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MetroLink will cost kids playing greens where soccer star Matt Doherty first showed his skill, say residents



Residents of Estuary Court in Swords, Dublin say their children will be deprived of their two greens for three years while tunnels are dug and as much as five or six years by the time the grounds are settled and replanted.

“That’s a pivotal time in the life of a child,” Barry Arthurs, a father of three young boys who has lived in the estate for 11 years, told the planning hearing into the project.

Residents of homes facing demolition for MetroLink to appear at public hearing

He showed inspectors from An Bord Pleanála and the project team from Transport Infrastructure Ireland (TII) a photograph of Republic of Ireland and Wolverhampton defender Matt Doherty.

“He has played alongside some of the world greats. He has captained the Irish team. He also played on this green. This is where he started off,” Mr Arthurs said.

He also produced photos of mini soccer tournaments the parents in the 40-house estate organised for the children.

“Our greens are an inherent part of our estate and are crucial for the development of our children,” he said.

A neighbour, Denis O’Callaghan, who said he had worked in education, said studies had shown the negative impact of Covid on children who had been isolated, denied exercise and left stuck on laptops.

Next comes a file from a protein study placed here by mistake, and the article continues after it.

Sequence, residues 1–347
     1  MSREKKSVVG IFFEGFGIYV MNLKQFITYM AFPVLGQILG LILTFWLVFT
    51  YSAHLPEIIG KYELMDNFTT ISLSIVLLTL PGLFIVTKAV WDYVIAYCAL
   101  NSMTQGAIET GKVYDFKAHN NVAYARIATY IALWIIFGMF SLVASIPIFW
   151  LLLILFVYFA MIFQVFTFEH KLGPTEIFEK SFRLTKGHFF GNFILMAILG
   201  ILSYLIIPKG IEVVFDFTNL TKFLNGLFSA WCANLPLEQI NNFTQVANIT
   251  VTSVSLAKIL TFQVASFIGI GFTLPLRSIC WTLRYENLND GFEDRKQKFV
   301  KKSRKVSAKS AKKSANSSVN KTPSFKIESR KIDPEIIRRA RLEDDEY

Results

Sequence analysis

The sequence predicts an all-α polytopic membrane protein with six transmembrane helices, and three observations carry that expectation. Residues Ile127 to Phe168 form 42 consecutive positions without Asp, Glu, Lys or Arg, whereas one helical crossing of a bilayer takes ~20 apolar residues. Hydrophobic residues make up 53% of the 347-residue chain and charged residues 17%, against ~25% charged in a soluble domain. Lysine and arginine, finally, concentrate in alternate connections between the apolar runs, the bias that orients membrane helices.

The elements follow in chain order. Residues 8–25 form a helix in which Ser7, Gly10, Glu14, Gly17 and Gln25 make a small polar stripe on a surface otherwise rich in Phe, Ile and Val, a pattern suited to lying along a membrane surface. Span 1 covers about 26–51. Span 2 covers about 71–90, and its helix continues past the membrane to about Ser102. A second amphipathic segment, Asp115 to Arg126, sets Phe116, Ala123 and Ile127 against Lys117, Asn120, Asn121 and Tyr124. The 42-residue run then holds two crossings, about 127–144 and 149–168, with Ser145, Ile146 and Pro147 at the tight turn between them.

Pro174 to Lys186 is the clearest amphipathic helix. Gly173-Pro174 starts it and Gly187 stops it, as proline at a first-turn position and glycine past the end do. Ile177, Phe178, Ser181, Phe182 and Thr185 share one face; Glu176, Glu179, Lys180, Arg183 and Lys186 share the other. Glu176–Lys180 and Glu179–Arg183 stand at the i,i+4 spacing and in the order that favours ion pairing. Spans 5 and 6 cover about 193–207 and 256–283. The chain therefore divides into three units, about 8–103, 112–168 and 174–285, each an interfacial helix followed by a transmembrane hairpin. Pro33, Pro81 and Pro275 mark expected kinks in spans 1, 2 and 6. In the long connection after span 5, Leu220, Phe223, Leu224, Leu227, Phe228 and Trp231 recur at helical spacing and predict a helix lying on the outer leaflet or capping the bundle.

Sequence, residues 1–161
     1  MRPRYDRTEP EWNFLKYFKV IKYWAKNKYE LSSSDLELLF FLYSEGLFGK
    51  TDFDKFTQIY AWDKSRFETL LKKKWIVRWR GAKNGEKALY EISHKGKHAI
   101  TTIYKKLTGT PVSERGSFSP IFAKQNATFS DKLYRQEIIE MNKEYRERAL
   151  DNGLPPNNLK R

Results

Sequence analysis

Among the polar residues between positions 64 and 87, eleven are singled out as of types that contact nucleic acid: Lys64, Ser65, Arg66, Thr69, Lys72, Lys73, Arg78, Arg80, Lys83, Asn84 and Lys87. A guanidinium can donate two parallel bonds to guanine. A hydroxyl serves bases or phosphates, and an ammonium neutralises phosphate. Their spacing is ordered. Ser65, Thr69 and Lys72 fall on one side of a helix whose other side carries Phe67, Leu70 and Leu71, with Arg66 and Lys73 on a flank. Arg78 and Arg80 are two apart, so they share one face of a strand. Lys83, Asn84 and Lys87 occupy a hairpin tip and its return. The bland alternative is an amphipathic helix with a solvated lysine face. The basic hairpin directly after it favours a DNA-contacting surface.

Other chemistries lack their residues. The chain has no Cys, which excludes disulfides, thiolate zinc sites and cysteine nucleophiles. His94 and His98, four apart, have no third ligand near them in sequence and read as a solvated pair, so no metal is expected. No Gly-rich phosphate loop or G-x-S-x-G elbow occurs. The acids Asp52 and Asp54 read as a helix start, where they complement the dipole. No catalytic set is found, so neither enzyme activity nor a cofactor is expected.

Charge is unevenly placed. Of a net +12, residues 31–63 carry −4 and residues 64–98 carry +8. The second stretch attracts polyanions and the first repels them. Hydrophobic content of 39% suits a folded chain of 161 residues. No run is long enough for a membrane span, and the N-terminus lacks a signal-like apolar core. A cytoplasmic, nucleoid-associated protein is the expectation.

“For the sake of the children and for the sake of their development, it is most important that the small little green space they have is kept for them,” he said.

A quantity surveyor by profession, Mr Arthurs said he could not understand why a 105 metre stretch of the metro line was being routed through the estate or how it could take three years to build.

At that pace of construction, it would take 553 years to build all 19km of the MetroLink line, he said.

Even if construction teams were working at 10 locations simultaneously across the city, it would still take 55 years.

Mr Arthurs also questioned the routing of the line through the estate.

Estuary Court is bounded by the R132, a dual carriageway with wide verges which at its narrowest point is 42 metres across.

He said Fingal County Council had a plan to change the road from a busy distributor route to an ‘urban street’ with reduced traffic, new paths and cycle lanes.

He asked why the two projects could not be carried out together, with the road being narrowed, the tunnel being dug under the verges and the whole section then being reinstated with the paths and cycleways.

“There is a viable alternative to going through our greens,” he said.

“We welcome the MetroLink but there needs to be due consideration of the families.”

MetroLink representative James Maloney said all options for the route had been considered.

“We fully acknowledge the impact and we apologise for that but it’s the best location,” he said.

The hearing was also told that a three-year construction period was needed to allow for interruptions caused by R132 traffic.

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